The head of social enterprises in Belgium tend to be male, above 40, and highly educated, at least according to Oksigen Lab, an incubator and research lab for social entrepreneurship based in Brussels.
Oksigen conducted interviews with 78 Belgian social entrepreneurs last year, wanting to provide a comprehensive picture of social enterprise in the country for relevant stakeholders. They call some of their findings myth-busting and insightful, and although the Belgian landscape is fluid, their research tries to “create space for radical thinking about the future of social innovation and entrepreneurship in Belgium”.
Here are their findings to whet the appetite:
1. Social enterprises solve more than unemployment troubles
It has become a priority in Europe to tackle unemployment in the region. The European Commission is actively trying to move unemployed people into work, move underemployed people into the right work, increase the number of self-employed people, and increase the employment of disadvantaged and marginalized groups.
So unsurprisingly, a large number of social enterprises in Belgium are active in work integration. But Oksigen points out that half of work integration social enterprises they surveyed also address problems in another area such as the environment or provision of a social service that is absent (e.g. transportation for seniors).
2. Social enterprises are very market-oriented
The majority (63 percent) of respondents self-generated over 50 percent of their revenues through fees or sales. Oksigen describes their interviewees as “very entrepreneurial” in the way they create societal value. Even though only 15 percent are fully self-financed and an average of 40 percent of total revenues comes from grant funding, the research found that there is a strong desire to move away from subsidies, generate more revenue, open new markets, and launch new services.
3. The average age of social enterprises in Belgium is 20.7 years
Contrary to the popular belief that social enterprise is a nascent field, the research found that the average age of social enterprises in Belgium is just over 20 years old. They are not small either. Forty-three percent of respondents have between 10 to 49 employees and 18 percent each have between 50 to 250 and over 250 employees. Lampiris, a green energy company, has 200 employees and De Wase Werkplaats, a packaging and environmental management company, has 720 employees of which 500 have a disability.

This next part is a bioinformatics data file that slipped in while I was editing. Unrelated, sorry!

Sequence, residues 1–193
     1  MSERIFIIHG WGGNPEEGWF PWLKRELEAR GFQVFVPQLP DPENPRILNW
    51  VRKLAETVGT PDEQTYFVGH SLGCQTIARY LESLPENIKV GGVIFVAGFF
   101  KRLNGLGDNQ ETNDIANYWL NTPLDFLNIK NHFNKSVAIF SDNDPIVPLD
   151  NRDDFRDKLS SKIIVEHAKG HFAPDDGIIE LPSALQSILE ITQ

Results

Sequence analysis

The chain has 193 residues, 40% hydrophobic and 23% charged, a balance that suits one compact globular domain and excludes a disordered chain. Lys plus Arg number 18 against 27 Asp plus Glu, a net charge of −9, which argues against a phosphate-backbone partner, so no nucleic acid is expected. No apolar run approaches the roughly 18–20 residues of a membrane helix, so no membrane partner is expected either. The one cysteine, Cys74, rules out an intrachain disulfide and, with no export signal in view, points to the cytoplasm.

4. Social enterprises have a smaller gender and income gap
Just like in corporate America, males tend to lead social enterprises. But there are a few differences between regular business and social enterprise. According to the research, the gender gap and the established salary spread in social enterprise is smaller than in mainstream business. The management practice in social enterprise is one of involvement and consultation with co-workers rather than top-down decision making, which aligns with the values and social ambitions of the organization.
5. Social enterprises are very regional-focused
Fifty-eight percent of social enterprises surveyed operate at the regional level in Flanders, Wallonia, or Brussels, and 37 percent founded their organizations to provide a product or service that was lacking in their region. They aspire to grow nationally or internationally, but do cite administrative complexity and lack of network to identify the right partners as barriers to scale. Still, they are motivated to overcome these barriers, perhaps because many see themselves as having a strong foothold in their market – 60 percent of respondents do not expect new entrants, which is “high”. Those who see future competitors say that 50 percent are expected to be pure-profit organizations and 30 percent are expected to be other social enterprises.
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